The sunshine state’s oldest city is filled with Old World charm

When Spanish explorer Ponce de Leon discovered Florida in 1513, landing near what is now the city of St. Augustine, there is no question he was more than a little impressed with the place. He named his landfall La Florida (place of flowers) the name eventually adopted by the state.

In addition to a bounty of exquisite blooming plants, the verdant landscape gave way to miles of white sand beaches but what was not immediately evident was how arduous it would be to settle this place whose beauty belied hordes of insects, mangles of twisted greenery, poisonous snakes and last but not least the threat of hostile natives.

Yet in spite of these and other hardships, and various failed attempts to colonize the Florida peninsula, the settlement at St. Augustine was officially founded in 1565 and thrived under the leadership of Spaniard Pedro Menendez.

Over the years the fledgling colony destined to become one of the most charming cities in America was threatened by the French and twice sacked and taken over by the British. It was later restored to Spain and in 1821 it was purchased by the United States.

The sale officially ended Spanish interests in St. Augustine but today the legacy left behind, both historically and architecturally, significantly shapes the character of the country’s oldest continuously occupied city.

I’ve visited pretty much every city in the United States purported to be a “must see” destination yet in my opinion the unique distinction of St. Augustine cannot be surpassed. This enchanting town on Florida’s upper northeast coast has at least 60 historic sites and attractions and the best way to visit them is aboard the city‘s open-air, sightseeing trolleys or trains which offer narrated tours and off/on privileges at key points of interest. Sometimes referred to as the Ancient City, its most popular attraction is St. George Street in what is known as Old Town. Now a pedestrian-only avenue, it is home to numerous original buildings established by early Spanish colonists. Here, visitors can tour the country’s oldest wooden school house together with a Spanish Quarter that replicates early colonial life with costumed interpreters. The avenue is also is also home to Florida’s oldest Spanish colonial house plus the Museum of Florida’s History and the Florida Military Museum. On this street that is constantly bustling with tourists, there is also an interesting mix of contemporary shops, boutiques and restaurants.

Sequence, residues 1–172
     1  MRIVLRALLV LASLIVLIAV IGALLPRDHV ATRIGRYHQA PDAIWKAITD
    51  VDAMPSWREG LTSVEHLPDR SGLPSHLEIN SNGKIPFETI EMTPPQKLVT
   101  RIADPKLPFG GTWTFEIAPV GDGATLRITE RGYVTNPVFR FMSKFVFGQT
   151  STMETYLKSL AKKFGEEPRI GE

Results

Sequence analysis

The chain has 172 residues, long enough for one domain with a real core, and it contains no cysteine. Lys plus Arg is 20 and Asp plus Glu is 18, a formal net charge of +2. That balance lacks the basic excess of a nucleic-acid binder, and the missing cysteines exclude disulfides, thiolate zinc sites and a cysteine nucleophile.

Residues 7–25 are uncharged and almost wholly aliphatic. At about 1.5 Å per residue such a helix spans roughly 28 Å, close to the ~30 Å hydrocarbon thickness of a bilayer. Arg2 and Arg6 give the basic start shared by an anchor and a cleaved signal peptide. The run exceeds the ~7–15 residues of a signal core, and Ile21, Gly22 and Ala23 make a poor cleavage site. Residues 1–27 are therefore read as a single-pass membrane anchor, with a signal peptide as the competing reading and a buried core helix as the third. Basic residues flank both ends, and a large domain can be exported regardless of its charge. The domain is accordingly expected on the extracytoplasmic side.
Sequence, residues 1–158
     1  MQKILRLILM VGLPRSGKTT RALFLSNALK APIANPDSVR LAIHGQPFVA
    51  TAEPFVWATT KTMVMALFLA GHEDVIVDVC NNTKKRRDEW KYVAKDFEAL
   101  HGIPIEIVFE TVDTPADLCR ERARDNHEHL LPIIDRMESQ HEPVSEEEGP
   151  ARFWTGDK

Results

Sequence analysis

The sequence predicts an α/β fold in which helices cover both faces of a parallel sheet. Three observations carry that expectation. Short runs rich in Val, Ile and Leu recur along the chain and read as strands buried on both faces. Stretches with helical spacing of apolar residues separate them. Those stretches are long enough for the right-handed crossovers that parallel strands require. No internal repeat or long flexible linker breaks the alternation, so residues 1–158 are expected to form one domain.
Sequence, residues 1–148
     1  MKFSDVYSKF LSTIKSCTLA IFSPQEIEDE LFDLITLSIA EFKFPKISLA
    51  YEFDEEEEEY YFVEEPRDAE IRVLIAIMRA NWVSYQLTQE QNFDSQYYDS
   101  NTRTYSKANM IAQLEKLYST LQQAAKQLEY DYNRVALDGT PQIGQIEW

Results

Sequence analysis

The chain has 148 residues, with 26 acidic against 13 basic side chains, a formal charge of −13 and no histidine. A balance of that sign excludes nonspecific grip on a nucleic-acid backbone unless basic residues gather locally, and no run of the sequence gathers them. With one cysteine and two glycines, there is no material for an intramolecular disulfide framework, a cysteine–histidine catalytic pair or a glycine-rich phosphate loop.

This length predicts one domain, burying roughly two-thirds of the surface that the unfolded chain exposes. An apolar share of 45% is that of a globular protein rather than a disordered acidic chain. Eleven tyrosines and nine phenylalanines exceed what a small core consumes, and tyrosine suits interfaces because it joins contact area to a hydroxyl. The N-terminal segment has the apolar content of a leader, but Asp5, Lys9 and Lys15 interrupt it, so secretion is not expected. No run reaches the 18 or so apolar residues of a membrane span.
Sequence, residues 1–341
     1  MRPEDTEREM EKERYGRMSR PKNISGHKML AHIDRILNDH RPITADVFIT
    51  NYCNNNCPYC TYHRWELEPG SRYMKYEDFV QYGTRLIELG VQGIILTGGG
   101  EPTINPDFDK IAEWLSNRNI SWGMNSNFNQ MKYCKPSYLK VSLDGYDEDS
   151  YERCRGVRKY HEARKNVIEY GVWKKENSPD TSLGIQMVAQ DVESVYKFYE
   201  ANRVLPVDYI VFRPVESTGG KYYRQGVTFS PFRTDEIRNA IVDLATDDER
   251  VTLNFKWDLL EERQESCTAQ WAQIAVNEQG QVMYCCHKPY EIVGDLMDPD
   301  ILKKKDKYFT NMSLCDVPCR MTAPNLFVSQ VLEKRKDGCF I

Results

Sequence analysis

At the waterfront, the most visible attraction is the Castillo San Marcos, an impregnable coquina stone fortress built by the Spanish in 1695 to protect the colony from attack. Further along the waterfront is the Fountain of Youth National Archaeological Park, a tribute to the spot where Ponce de Leon is said to have landed.

History claims the explorer believed a fresh water spring on the property was the mythical fountain of youth and although he drank from it, a long and healthy life was not his destiny. A few years later a native wounded him with a poison-tipped arrow which led to his death. Almost every tourist who visits the park drinks from the legendary fountain hoping it might actually contain restorative waters.